Primroses In The Garden

 

 

“Primroses, the Spring may love them;

Summer knows but little of them.”

–William Wordsworth

It’s hard not to admire primroses.  A perennial that, with minimal care, rewards you with vibrant colour year after year when little else is giving much show.  Blooming in late winter to early spring, they are longer lasting than tulips, showier than hyacinth, and, unlike daffodils, they’re available in a great selection of colours.  I adore all those flowers too, but primrose can easily still be showstoppers come mid summer simply by removing discoloured leaves and spent flowers (called deadheading), a method clearly unfamiliar to Wordsworth.  This will encourage new flower production.  They can also be divided every three to five years in the autumn when blooming has discontinued.

The above pictured are not wild, they are just purchased from our local shop for a mere €1.49 each, a very reasonable investment.

DSCF3337

They need summer shade in hot climates, but as they thrive where it is cooler, they grow wild here on Inis Mor. Pictured left, the pale yellow variety called ‘primula Vulgaris’, was transplanted from wild four years ago.  It has doubled each year and now measures 10 inches across.

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I transplanted some of the last year’s purchased primroses along with the new plants around the outer border of our heart herb bed.  Soon enough it will be packed with herbs that are slowly emerging from the bare patches of soil.

The sun is still high in the sky so back to the garden I go.  I hope you are all enjoying a bit of warm sunshine wherever you are.  Melissa Xx

21 Comments

    • Thank you Eva. I’ll continue to take pictures to share and will be sure to get a shot of those beds when they are fully planted and blooming. It is lovely to see things start to come alive in the garden and nature again. 🙂

      Liked by 1 person

          • Fatmawaty says:

            Really, I dunno about gardening! But I like it! Love to see the beautiful flowers and all about nature! thank you for your kind words! And you’re great at it!

            Liked by 1 person

          • I think there is a gardener in everyone, whether it is potted herbs in window sill, houseplant at desk, wildflowers that reseed year after year, or a farm that supports a family. Like writing, there are many possibilities for expression that fit under the one large umbrella. Thanks for taking time to chat about such happy things today.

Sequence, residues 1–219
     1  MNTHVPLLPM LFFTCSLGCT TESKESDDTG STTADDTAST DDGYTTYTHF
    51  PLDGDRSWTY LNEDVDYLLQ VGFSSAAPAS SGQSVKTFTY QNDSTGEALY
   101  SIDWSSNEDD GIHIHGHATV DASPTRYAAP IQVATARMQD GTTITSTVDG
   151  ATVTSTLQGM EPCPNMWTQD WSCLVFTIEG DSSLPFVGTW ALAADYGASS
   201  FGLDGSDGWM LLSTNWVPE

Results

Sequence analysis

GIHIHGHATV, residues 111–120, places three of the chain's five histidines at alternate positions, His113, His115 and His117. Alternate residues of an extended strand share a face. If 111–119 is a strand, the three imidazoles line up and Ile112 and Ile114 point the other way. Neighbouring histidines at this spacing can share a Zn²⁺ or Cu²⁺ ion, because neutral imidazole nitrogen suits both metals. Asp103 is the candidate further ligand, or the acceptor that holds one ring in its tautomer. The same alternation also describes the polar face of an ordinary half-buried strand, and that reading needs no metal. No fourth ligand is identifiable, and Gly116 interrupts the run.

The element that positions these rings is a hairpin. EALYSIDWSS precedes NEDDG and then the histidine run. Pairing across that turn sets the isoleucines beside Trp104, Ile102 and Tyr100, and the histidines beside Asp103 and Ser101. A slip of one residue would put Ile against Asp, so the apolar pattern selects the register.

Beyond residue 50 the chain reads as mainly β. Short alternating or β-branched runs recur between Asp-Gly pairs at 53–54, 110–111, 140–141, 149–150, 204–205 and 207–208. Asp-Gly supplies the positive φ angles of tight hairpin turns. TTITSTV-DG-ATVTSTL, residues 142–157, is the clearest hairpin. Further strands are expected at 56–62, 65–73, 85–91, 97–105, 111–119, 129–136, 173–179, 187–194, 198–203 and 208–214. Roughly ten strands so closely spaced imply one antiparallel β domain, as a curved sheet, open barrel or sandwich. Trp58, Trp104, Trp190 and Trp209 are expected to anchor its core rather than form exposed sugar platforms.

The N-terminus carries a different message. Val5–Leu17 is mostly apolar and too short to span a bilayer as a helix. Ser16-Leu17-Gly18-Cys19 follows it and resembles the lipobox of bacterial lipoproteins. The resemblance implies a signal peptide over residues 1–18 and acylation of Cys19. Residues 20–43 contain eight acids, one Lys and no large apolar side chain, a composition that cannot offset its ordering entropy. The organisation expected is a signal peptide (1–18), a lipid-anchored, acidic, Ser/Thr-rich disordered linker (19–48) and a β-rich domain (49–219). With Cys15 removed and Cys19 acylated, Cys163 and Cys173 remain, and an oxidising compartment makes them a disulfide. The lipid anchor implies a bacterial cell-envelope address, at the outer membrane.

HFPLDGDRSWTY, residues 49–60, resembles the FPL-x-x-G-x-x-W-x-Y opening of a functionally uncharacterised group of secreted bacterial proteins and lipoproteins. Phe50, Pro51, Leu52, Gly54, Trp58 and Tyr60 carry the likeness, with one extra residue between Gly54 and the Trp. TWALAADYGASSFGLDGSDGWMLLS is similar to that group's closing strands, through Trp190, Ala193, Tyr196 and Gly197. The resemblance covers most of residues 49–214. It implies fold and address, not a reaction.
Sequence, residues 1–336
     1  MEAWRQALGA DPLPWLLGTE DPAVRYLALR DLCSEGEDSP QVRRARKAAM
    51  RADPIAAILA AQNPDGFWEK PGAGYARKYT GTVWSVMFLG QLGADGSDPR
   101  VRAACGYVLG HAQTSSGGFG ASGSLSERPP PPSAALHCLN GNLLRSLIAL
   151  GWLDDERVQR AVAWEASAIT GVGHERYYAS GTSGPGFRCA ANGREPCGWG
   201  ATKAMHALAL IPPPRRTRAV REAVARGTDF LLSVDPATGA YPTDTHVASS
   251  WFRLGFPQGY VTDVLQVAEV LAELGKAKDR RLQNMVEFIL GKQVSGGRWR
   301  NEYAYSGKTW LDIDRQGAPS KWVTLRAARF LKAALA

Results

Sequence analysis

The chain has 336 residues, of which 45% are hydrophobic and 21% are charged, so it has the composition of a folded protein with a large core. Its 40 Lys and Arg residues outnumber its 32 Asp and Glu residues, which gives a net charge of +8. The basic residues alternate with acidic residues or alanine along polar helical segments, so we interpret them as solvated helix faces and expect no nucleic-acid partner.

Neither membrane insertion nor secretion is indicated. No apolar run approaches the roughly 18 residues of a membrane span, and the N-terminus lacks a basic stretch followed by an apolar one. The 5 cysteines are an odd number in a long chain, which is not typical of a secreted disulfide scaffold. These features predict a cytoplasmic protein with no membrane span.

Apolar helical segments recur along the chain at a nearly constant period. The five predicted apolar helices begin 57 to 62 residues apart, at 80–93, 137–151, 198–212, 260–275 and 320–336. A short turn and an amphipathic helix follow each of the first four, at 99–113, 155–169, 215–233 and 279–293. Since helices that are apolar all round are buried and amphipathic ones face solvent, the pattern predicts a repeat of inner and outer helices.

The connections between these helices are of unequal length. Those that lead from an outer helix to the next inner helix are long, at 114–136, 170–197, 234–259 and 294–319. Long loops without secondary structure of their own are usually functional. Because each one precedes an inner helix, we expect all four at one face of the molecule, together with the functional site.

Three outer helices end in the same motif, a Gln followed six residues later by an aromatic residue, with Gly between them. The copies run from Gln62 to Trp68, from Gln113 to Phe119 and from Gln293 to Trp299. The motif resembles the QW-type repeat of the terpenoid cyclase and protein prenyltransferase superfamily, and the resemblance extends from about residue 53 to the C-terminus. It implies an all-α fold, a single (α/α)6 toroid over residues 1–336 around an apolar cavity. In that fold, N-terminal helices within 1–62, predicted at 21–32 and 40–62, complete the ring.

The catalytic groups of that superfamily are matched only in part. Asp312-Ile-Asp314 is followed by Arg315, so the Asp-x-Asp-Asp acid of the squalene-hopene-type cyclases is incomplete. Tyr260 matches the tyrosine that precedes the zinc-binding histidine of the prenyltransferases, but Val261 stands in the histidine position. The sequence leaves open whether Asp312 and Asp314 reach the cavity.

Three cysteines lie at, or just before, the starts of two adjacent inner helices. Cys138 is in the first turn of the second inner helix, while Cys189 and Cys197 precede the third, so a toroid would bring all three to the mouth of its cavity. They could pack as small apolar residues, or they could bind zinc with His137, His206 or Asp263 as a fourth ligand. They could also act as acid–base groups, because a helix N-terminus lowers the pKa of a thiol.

Liked by 1 person

          • Fatmawaty says:

            Very well said, my dear friend! Yes, I’ll try to make a small garden when our new house completed. Hey, dear I feel glad to chat with you too. By seeing nature and beautiful plants, sometimes give me great ideas! You’re most welcome! ❤

            Liked by 1 person

  1. Love that Wordsworth. I have to say, I’ve never read much poetry, but the primrose line reminded me of another of his works I stumbled across recently. While parts of it are sad, I love the spring imagery.

    “Lines Written in Early Spring”

    I heard a thousand blended notes,
    While in a grove I sate reclined,
    In that sweet mood when pleasant thoughts
    Bring sad thoughts to the mind.

    To her fair works did Nature link
    The human soul that through me ran;
    And much it grieved my heart to think
    What man has made of man.

    Through primrose tufts, in that green bower,
    The periwinkle trailed its wreaths;
    And ’tis my faith that every flower
    Enjoys the air it breathes.

    The birds around me hopped and played,
    Their thoughts I cannot measure:-
    But the least motion which they made
    It seemed a thrill of pleasure.

    The budding twigs spread out their fan,
    To catch the breezy air;
    And I must think, do all I can,
    That there was pleasure there.

    If this belief from heaven be sent,
    If such be Nature’s holy plan,
    Have I not reason to lament
    What man has made of man?

    Liked by 1 person

    • He must have been in quite the pensive state of mind when he wrote this. Beautiful, but melancholic alright. It does make one think…man may be the most intelligent creature but that doesn’t necessarily make him the smartest one. Thank you for sharing this with me.

      Liked by 1 person

    • Yes, I had a handful of violets gifted to me a day ago by my six year old. No matter how I urge the children to leave them be, they cannot resist so I accept with a smile. It made me think of your violet honey 🙂 I think we can count on a few more days of fine weather. I go to the mainland tomorrow with my two daughters for two days. It will be extra lovely if forecast is accurate!

      Like

      • stephpep56 says:

        Melissa, the joy of picking flowers for children should not be curtailed (in my view) the thought that they saw them , recognised their beauty, wanted to share it with you is wonderful. In a world full of rules and regulations and concerns for the environment I often feel we go a bit over the top. 🙂 Funnily as I say this sure didn’t i start picking violets to crystalize for an easter cake, but it was raining and they were wet. anyway I persevered but when i had picked a few i realised it wasn’t going to work. So there I stood with a bunch of wet violets in my hand feeling guilty so I popped them in my mouth and ate them…my guilt was slightly alleviated ha! enjoy your trip to the mainland with your daughters. xx

        Liked by 1 person

  2. Pingback: January’s Garden | The Aran Artisan

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